Two Gorgeous Gardens and One Gorgeous Aunt

Because I write about gardening, I’m always excited to see public gardens when I travel. And this trip provided two doozies. In Raleigh NC, home of NC State University, there is the Raulston Arboretum, with amazing trees (as you would imagine) but so much more. I took about a gazillion photos of individual plants (and their tags, so I could remember what the heck they were), but none captures the full glory of this amazing space. You’ll just have to see it for yourself. And best of all, it is completely free.

Then, in Hartsville SC, where our adorable aunt Margie lives, we visited Kalmia Gardens, a beautiful estate garden right in town. It was the wildly ambitious project of Mrs. May Coker, member of the town’s most prominent family, who in the thick of the Great Depression took over a dilapidated former plantation house (dating from 1820) sitting on 35 horribly neglected acres and turned it into something quite magnificent.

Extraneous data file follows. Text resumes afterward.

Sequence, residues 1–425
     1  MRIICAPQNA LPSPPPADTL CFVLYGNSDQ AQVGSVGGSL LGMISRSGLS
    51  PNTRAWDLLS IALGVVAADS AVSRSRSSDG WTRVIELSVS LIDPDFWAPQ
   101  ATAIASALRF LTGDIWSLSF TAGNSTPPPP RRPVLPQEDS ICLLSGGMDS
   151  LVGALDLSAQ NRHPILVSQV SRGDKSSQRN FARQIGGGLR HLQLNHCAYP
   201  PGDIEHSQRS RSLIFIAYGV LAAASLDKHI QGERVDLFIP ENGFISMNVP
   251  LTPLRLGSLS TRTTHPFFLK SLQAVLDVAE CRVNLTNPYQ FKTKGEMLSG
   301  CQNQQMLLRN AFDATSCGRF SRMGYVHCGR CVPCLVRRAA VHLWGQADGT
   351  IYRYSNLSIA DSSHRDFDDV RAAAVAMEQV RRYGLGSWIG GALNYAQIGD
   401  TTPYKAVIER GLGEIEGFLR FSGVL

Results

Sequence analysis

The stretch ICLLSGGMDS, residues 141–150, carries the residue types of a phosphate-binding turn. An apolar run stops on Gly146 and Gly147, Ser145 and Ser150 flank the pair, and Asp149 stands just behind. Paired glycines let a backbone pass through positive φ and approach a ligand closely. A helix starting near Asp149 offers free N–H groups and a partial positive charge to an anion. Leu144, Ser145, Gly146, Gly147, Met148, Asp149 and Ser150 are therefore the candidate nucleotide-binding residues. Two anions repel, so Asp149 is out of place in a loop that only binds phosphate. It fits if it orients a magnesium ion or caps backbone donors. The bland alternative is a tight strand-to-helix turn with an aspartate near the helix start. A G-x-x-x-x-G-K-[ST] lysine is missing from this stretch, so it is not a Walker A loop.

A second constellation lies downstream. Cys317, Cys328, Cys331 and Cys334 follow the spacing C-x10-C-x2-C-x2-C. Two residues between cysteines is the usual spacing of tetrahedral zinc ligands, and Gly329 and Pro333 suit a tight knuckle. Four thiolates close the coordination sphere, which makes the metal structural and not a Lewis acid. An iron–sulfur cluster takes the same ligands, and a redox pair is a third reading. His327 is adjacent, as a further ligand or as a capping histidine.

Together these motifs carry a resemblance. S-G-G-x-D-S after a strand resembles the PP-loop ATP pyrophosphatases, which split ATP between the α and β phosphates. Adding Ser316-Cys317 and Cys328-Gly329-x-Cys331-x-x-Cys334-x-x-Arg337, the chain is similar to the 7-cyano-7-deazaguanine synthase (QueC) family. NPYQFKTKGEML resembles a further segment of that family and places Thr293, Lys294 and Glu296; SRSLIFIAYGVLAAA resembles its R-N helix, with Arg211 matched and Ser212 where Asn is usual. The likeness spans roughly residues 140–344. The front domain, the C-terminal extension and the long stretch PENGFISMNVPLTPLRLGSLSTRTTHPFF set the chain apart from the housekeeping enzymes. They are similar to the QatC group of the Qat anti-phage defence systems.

Today Kalmia Gardens is owned and maintained by Coker College, and is open to everyone without charge. With its restored historic home, beautiful formal gardens, and the amazing 60-foot staircase leading down to the stream below, it is definitely worth a visit.

Kalmia, by the way, is the scientific name of the beautiful shrub commonly called Mountain Laurel. First cousin to rhododendrons, it is native to the southeastern US, and thrives in dampish, shaded areas – just like that 60-foot bluff in the garden. When we visited, the bloom season had just ended. Darn.

Of the Kalmia Garden photos, I especially want to point out the black rocking chairs, on the porch of the home . A wide front porch, with these tall chairs, is quintessential South. We saw them everywhere.

Including at a terrific produce stand in the little town of McBee, South Carolina. (If you’re not from South Carolina, you’re probably pronouncing it wrong.) This local landmark, which draws shoppers from all around, has a row of colorful rockers by the front door. My sister Alice and our lovely aunt Margie couldn’t resist. And the strawberries were great!

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